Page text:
Although logically it would seem to make sense to understand input before output, the conversion abilities of Fuzzware are intricately linked to how it converts XML during output to a different format, hence if you haven't gone through Tutorial 2, this Tutorial will not make much sense.
Tutorial 3 is all about how we can use one of the most powerful features of Fuzzware, automatically converting a data format to its XML representation. This is a slightly complicated process, but if you understand how Fuzzware converts XML to a data format, and with some extra explanation, then it's not too bad. This process also has some limitations, but to understand these you need to understand how the process works. Remember though, you can always do this process manually and an introduction on how to do this is given on the Create an XML Schema page.
Fuzzware uses the XSD file with it's description of the data format to read in a data format and assign the bytes it reads in to XML nodes. Fuzzware needs to be told the root node of the XML since it needs a starting point from which to try to match the data to the data format described in the XSD file. Given the root node Fuzzware will begin trying to match the XSD elements to the data, starting at the beginning of the file. The matching process basically involves looking at the current XSD element, and sometimes the element immediately after it, and trying to determine from the type of the current element, how many bytes of data to read.
This gives rise to the major requirement that the XSD must fulfil, Fuzzware must be able to determine the size of every element in the XSD file. Fuzzware attempts to be smart about this requirement and the ways to satisfy it are listed below (and in the order tried)
1. Does the element have a fixed value? If so, generate that value and do a byte comparison to the current location in the data.
2. Does the element have an enumeration value? If so, generate all enumeration values and do a byte comparison to the current location in the data.
3. Does the element have a length specified by another element we have read in already? If so, read in the appropriate number of bytes.
4. Does the element have a fixed length (via a restriction)? If so, read in the appropriate number of bytes.
5. Is the element a number type that does not have an 'ouptputAs' attribute? If so, read in characters and try to convert it to a number until the conversion fails.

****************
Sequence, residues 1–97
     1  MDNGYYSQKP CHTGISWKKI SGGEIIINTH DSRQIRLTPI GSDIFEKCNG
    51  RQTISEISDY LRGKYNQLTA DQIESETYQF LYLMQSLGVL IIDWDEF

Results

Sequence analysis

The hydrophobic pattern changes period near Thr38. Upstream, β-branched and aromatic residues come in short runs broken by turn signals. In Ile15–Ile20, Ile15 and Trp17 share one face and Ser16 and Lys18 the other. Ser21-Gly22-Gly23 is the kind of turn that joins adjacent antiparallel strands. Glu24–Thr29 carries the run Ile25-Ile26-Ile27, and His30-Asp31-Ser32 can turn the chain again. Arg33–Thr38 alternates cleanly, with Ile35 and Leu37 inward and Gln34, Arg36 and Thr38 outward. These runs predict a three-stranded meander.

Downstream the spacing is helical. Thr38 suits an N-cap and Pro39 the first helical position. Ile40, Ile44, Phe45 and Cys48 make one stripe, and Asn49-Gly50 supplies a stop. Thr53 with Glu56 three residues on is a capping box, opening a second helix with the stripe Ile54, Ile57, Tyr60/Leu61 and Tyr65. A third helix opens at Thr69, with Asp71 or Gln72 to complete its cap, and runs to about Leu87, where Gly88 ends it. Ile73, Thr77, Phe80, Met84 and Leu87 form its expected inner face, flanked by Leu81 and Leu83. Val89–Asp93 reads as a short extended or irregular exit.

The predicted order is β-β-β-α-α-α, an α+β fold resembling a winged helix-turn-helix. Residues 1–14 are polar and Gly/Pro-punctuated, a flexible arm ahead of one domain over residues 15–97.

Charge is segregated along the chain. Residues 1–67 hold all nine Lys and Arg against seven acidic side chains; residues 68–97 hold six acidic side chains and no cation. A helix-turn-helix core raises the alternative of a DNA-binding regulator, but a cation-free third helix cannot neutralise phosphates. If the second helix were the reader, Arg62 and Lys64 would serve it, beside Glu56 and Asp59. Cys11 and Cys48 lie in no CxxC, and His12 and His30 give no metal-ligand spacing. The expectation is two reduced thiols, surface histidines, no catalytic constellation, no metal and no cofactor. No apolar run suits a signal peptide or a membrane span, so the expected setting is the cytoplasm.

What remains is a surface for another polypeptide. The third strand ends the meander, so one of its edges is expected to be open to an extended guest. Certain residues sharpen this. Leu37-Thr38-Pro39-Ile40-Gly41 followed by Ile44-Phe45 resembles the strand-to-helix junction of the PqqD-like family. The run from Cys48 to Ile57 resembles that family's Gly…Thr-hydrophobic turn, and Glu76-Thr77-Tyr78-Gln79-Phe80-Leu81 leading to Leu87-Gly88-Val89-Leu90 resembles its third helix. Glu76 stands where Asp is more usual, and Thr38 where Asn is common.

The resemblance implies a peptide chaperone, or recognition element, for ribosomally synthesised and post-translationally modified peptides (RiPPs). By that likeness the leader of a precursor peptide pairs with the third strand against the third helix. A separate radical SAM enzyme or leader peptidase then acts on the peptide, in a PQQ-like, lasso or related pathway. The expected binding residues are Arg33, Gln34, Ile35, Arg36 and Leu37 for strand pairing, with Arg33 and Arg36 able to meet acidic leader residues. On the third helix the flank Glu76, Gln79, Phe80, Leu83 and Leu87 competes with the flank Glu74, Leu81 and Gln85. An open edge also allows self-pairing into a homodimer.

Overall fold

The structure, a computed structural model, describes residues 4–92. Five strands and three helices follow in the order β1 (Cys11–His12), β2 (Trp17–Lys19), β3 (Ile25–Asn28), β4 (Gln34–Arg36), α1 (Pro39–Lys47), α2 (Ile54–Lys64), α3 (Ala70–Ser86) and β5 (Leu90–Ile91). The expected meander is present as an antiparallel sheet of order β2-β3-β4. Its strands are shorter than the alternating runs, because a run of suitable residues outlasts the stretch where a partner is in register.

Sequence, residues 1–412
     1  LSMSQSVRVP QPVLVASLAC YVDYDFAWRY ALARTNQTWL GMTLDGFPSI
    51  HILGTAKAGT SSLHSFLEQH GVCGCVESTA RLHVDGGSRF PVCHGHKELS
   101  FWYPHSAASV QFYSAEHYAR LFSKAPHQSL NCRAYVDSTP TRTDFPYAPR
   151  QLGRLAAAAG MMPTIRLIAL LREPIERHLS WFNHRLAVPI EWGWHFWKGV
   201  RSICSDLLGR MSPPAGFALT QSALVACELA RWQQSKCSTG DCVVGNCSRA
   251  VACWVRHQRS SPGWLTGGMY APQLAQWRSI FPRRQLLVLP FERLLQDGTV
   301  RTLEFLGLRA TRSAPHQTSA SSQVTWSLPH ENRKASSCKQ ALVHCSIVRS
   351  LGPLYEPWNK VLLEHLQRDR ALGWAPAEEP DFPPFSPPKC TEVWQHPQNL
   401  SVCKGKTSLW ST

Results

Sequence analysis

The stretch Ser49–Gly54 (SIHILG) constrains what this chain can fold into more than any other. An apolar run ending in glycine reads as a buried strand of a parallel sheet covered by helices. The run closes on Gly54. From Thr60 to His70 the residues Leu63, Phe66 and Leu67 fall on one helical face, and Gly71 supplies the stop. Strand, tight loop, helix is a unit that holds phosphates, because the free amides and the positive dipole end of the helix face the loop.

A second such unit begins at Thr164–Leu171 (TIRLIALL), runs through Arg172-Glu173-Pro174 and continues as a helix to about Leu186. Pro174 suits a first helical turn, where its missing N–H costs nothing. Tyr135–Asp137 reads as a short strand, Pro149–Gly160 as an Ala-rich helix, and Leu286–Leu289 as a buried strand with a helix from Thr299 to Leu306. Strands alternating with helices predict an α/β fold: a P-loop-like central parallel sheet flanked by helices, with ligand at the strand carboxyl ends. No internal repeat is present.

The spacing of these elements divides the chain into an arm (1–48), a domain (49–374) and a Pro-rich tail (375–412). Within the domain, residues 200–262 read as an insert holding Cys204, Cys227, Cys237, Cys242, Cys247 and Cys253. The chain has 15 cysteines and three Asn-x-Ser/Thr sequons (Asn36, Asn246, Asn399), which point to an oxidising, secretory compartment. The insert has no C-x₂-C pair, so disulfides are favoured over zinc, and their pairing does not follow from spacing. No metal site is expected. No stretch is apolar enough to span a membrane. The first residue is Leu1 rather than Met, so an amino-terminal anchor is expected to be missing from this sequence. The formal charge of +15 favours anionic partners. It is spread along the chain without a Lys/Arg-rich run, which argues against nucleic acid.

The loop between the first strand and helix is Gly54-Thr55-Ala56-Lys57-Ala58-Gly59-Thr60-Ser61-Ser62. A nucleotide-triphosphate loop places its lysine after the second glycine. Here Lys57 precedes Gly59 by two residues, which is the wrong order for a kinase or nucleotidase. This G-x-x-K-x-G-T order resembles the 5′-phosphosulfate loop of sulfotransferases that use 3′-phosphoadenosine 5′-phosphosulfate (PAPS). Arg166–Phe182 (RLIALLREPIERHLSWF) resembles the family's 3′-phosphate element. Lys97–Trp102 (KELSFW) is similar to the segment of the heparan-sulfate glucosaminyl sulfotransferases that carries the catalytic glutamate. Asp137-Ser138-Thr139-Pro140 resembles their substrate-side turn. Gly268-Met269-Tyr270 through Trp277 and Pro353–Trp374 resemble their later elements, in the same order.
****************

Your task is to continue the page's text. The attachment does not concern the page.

6. Is the current element followed by an element that has a fixed value or has an enumerated list of values? If so, search for the possible values and assign to this element the in-between bytes.
7. Does this element have a regular expression defining it? If so, add bytes until we get a match, then keep on adding more bytes until we don’t get a match (we try to match the longest expression possible).
8. Does the parent of this element have a bounded length? If so, read in the remaining bytes of the length into this element.
9. If the current element is a string and the next element value is a number, read in ASCII up until a non-ASCII character is found.
Lets look at some examples of these matching rules in action. Consider the following XSD file
<?xml version="1.0" encoding="utf-8"?>
<xs:element name="RootNode" sac:markup="removeIncludingChildNodes">
<xs:element name="FixedString" type="xs:string" fixed="Hello" />
<xs:enumeration value="World" />
<xs:enumeration value="Universe" />
Let our input data file have the following contents:
Create a new project (Tutorial3 in the Tutorials directory) and select 'Fuzz a non-XML file' as input. Add the schema (Tutorial3.xsd), specify RootNode as the root node and choose Tutorial3.bin as the input file. Click Test Conversion and run the conversion process (click Initialise and then Start). You should see the following output:
Here Fuzzware has successfully converted the raw file using rules 1 & 2 from the list.
Lets add some more elements to the sequence under RootNode
<xs:length value="3" />
<xs:element name="StringNumber" type="xs:unsignedInt" />
<xs:element name="NullTerminatedString" type="xs:string" />
<xs:element name="NullTerminator" type="xs:hexBinary" fixed="00" sac:outputAs="Decoded" />
Do the conversion process again with input
HelloUniverseAbC180This is a string
(Note there needs to be a 0x00 at the end of this string)
You should see this output:
FixedLengthString was converted by rule 4, StringNumber by rule 5, NullTerminatedString by rule 6 and NullTerminator by rule 1 (note that sac:outputAs="Decoded" is required as Fuzzware looks for the value in the data that corresponds to how it would output the value, which is controlled by the outputAs attribute).